Defending against research misconduct is the responsibility of everyone involved in a trial, from the principal investigator down to the lowest lab technician.
Red flags can appear in any aspect of a trial, ranging from missing or altered data, significant omissions in published reports, investigators’ failure to disclose intellectual property interests or industry relationships, and generally results that seem too good to be true or apparently “perfect” protocol compliance, Donna Kessler, Duke University research misconduct review officer, reminded attendees at the Society of Clinical Research Associates annual conference last week.
Another warning sign, she said, is an investigator’s refusal to share raw data or detailed methods. And serious or recurring episodes of non-compliance also bear a closer look.
Kessler also noted that there are practices that aren’t misconduct themselves but can create the environment for misconduct to flourish. For instance, unprofessional behavior — bullying, harassment and discrimination in the lab — can create a barrier to staff reports of misconduct.
Trial staff actually identify more cases of misconduct than trial monitors do, said attorney Debra Parrish.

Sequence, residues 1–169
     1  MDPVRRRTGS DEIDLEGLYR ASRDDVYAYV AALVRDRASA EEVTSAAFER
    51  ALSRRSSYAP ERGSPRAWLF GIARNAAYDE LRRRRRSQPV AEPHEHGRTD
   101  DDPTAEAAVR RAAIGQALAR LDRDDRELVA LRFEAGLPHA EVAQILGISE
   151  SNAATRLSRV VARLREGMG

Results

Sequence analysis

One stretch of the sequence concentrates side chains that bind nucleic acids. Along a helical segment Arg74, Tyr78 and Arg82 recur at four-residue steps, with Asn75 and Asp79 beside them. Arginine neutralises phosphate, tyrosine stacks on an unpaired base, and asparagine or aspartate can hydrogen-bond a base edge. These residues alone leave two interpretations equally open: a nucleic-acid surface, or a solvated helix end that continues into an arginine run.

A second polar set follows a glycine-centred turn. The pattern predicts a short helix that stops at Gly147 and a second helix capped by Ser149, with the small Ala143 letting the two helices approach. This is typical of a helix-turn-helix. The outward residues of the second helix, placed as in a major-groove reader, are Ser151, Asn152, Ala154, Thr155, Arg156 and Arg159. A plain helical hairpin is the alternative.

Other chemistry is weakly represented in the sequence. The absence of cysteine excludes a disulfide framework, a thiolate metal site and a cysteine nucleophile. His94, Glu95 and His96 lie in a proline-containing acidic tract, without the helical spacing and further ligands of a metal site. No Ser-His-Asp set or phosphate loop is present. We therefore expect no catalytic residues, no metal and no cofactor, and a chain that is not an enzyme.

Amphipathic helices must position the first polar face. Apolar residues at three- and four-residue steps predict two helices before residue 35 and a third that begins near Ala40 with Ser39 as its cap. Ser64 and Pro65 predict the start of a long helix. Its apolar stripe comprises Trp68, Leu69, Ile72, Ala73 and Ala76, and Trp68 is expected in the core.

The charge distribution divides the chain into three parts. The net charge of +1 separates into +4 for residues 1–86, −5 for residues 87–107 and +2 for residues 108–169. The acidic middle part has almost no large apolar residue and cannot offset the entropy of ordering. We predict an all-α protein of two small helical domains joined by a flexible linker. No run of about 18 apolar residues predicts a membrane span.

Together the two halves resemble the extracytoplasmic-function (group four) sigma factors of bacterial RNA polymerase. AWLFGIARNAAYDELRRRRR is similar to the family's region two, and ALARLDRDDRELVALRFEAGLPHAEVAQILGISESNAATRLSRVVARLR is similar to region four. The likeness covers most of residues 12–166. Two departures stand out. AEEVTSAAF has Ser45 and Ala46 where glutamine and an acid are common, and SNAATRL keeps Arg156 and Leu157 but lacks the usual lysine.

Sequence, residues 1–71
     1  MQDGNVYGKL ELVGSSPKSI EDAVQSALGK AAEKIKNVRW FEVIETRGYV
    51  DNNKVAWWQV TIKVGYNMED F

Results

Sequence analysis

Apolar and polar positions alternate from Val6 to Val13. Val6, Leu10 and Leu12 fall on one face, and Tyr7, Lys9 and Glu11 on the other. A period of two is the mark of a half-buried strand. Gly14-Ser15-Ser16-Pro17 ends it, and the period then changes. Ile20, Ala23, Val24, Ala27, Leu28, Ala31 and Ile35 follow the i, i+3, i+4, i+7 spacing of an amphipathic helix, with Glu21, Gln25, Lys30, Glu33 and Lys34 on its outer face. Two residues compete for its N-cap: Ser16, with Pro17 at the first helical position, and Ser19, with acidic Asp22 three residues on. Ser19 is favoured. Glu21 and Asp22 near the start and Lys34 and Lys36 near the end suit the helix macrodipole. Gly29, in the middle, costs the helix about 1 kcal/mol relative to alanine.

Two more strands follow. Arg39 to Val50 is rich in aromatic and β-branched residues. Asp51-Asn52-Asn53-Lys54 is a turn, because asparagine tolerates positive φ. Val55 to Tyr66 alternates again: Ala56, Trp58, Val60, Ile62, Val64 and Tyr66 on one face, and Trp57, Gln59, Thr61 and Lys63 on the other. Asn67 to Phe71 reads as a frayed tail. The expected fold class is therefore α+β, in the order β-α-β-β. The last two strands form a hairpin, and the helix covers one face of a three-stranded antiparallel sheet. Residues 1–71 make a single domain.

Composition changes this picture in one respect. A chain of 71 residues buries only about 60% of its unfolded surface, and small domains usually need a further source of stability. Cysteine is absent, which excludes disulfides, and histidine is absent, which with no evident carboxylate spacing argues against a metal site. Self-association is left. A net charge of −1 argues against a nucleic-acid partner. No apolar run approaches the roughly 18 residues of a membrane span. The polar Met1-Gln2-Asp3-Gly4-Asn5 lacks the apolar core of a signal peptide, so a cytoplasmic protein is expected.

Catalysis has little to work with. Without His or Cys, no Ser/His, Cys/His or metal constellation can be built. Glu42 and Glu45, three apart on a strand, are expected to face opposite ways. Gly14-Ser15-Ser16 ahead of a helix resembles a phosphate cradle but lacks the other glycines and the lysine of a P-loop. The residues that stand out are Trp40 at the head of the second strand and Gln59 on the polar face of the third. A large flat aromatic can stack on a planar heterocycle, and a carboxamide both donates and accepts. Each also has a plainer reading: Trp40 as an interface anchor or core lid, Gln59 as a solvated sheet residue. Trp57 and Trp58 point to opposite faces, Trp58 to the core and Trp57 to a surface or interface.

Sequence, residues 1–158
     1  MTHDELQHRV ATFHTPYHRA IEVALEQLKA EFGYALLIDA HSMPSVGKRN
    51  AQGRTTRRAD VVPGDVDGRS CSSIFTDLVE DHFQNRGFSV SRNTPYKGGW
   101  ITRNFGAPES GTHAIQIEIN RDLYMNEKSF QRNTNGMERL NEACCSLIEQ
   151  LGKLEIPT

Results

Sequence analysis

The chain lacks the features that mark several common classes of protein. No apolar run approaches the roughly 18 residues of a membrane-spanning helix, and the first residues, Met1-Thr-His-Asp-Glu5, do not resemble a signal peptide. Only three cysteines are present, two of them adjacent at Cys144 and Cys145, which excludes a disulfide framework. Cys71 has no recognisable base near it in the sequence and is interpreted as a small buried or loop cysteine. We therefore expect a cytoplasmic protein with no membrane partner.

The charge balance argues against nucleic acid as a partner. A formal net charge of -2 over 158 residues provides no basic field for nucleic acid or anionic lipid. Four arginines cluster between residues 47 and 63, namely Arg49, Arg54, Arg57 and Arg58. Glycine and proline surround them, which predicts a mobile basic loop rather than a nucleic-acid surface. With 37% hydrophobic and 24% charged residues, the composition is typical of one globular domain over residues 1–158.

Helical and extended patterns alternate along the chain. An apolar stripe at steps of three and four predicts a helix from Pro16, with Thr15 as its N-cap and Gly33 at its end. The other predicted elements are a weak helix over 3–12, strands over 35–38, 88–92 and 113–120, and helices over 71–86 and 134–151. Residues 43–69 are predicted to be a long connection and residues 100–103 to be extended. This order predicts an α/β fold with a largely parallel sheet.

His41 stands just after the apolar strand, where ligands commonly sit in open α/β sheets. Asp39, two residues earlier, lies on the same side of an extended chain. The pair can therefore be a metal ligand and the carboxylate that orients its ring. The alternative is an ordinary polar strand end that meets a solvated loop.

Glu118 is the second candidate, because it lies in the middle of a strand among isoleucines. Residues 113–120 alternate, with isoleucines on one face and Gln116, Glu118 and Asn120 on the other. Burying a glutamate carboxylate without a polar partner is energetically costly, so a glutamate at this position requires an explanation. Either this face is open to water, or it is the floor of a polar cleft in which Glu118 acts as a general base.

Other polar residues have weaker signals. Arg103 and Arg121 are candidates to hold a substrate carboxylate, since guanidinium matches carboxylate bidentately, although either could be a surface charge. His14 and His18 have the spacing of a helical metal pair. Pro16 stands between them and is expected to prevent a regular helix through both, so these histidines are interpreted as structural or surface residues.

For example, a financial audit of a Stanford University trial turned up evidence of falsified data and led to a three-year disqualification for the principal investigator. In another instance at the University of Vermont, a lab technician suspected the investigator had falsified data. The tech’s report eventually led to the investigator’s admission that he had committed research misconduct in multiple cases.
It’s important to create an environment in which reporters feel protected, Kessler said. Research institutions should normalize the process with such policies as anonymous reporting options, ombudsman services and prohibition of retaliation. They also can provide their investigators with role models, peer counseling and mentoring of professional behavior.
“Cultivate good citizens, managers and mentors, not just good researchers,” she said.
Although research integrity is a universal obligation, the ultimate responsibility is on the principal investigator’s shoulders. “Some places take the position that the PI is the captain of the ship,” said Parrish. “If the ship goes down, the captain goes down.”
Research scientists need to practice more transparency, Kessler said, explaining their methods, outlining results obtained and sharing source data. Investigators also need to provide better oversight, supervision and mentoring of the trial staff. Frequent discussions about ethics and integrity in research can help keep the ideas fresh in their minds, she said.
PIs should set expectations for data management and conduct routine reviews, Kessler said, recommending giving staff tools to improve record-keeping and reporting, such as auditable systems and electronic notebooks.
Research is not flawless, she said, and researchers need to acknowledge that errors and experimental failure are a normal part of science. Deal with problems transparently and ethically.
“Make the error occur the right way,” she said, and learn from it.